This was published under the 2010 to 2015 Conservative and Liberal Democrat coalition government
This statement on behalf of the Ministry of Justice is made in response to decisions made in fee-paid judicial cases.
This update, on behalf of the Ministry of Justice (MoJ), is made in response to decisions by the:
- UK Supreme Court in O’Brien v MoJ  UKSC 6
- Employment Tribunal on 2 January 2014 in Miller & others v MoJ
- Employment Appeal Tribunal on 4 April 2014 in MoJ v O’Brien
The Employment Tribunal continues to hear preliminary hearings on related issues and there are appeals to the Employment Appeal Tribunal (EAT) and Court of Appeal. However, the MoJ is aware that past and present fee-paid judicial office holders would like to know what steps are being taken in response to the judgments made so far.
This update should be read in conjunction with an earlier communication entitled MoJ statement in fee-paid judicial cases, published on 27 March 2014.
Pre-April 2015 fee-paid Judicial Pension Scheme
In light of the O’Brien and Miller judgments in respect of fee-paid judicial pension entitlement, the MoJ will implement a fee-paid Judicial Pension Scheme (JPS) for fee-paid service from 7 April 2000 to 31 March 2015 for eligible fee-paid judicial office holders, as described in the Miller judgment, which will remedy the less favourable treatment. When these proposals have reached a sufficiently mature stage, a degree of consultation with those fee-paid Judges who are likely to be members is envisaged.
The pension scheme for fee-paid judicial office holders will mirror the current Judicial Pensions & Retirement Act (JUPRA) scheme. Design of this scheme is underway and we are seeking a power under section 1(2) of the Superannuation Act 1972 to establish and maintain a pension scheme for fee-paid judicial office holders in the England, Wales and Scotland. Work will continue through the summer.
When the delegation is confirmed, the Lord Chancellor will, by order, add the requisite fee-paid judicial offices to Schedule 1 of the Superannuation Act 1972. Fee-paid judicial office holders will qualify to be members of the pension scheme (scheme members) from a date to be determined. As things currently stand, that date will be 7 April 2000, but the point is subject to appeal and is one of the issues with scheme design that cannot be finalised until the outcome of that appeal.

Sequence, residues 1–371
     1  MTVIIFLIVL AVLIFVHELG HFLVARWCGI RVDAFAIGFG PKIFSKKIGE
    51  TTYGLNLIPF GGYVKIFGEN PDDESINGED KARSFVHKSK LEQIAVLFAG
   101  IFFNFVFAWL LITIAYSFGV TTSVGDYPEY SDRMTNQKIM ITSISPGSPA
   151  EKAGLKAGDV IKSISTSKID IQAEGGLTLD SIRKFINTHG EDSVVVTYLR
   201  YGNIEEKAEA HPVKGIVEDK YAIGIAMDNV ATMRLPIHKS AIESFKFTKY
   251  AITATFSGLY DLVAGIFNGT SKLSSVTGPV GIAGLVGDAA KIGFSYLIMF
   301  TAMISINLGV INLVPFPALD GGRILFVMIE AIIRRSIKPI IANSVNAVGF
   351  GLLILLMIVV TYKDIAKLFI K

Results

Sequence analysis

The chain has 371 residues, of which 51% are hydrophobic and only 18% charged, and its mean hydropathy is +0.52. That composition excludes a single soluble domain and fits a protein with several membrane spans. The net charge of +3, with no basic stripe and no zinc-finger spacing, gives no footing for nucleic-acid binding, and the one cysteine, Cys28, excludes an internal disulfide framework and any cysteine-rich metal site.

Judicial Pension Scheme 2015 and transitional protection
The New JPS 2015 will apply to fee-paid and salaried judicial office holders. This scheme, established by regulations made under the Public Service Pensions Act 2013, is due to commence on 1 April 2015.
A 12-week consultation on the NJPS 2015 regulations began on 17 June 2014. Fee-paid judiciary are encouraged to read the consultation document, draft regulations and other supporting policy papers, which deal with the application of the scheme to all eligible judicial office holders. Both comments and responses to this consultation are welcome from all judicial office holders.
Judges eligible for membership in the FPJPS will be eligible to join NJPS 2015, subject to the operation of transitional protections which are a key feature of the Public Service Pensions Act 2013 (PSPA 2013 section 18). The provisions mean that fee-paid judicial office holders who were in office and who were 55 or older at 1 April 2012 will have their relevant service, from 7 April 2000 or some other date until retirement, pensioned entirely under the pre-2015 fee-paid scheme.
Fee-paid judicial office holders appointed before 1 April 2012 and who were aged between 51 and a half and 55 at that date, will have the option to defer joining the NJPS 2015 and have service until an age-related later date count towards their pension under the pre-2015 fee-paid pension. All other eligible fee-paid judicial office holders will transfer into the NJPS 2015 on 1 April 2015.
Work has taken place to ensure that the FPJPS and NJPS 2015 interface correctly. There is a need for primary legislation to ensure that fee-paid judges who were of the relevant age as at 1 April 2012 and who would have been eligible for membership of a fee-paid scheme if it had existed at that time, are treated as satisfying the requirements for transitional protection under section 18 of the Public Service Pensions Act 2013, and benefit from these transitional provisions. The aim is to seek legislative provision for this purpose (and also power to pay a pension to eligible Northern Irish fee-paid judiciary who are the responsibility of the Lord Chancellor for pension provision) in the next Parliamentary session, which is expected to begin in June.
It is Government policy that transitional protection is ‘portable’ between public sector pension schemes. This means that a fee-paid judge who is eligible to remain a member of the pre-2015 fee-paid JPS, and subsequently joins the salaried judiciary, will be treated as a protected member of the salaried judiciary and entered into the current pension scheme rather than the new JPS 2015.
‘Portability’ is subject to a five-year limitation. If a judge, fee-paid or salaried, leaves active service for more than 5 years, their protection will no longer be valid upon their return. Any eligible judge with any form of transitional protection will be able to ‘port’ this protection between the schemes.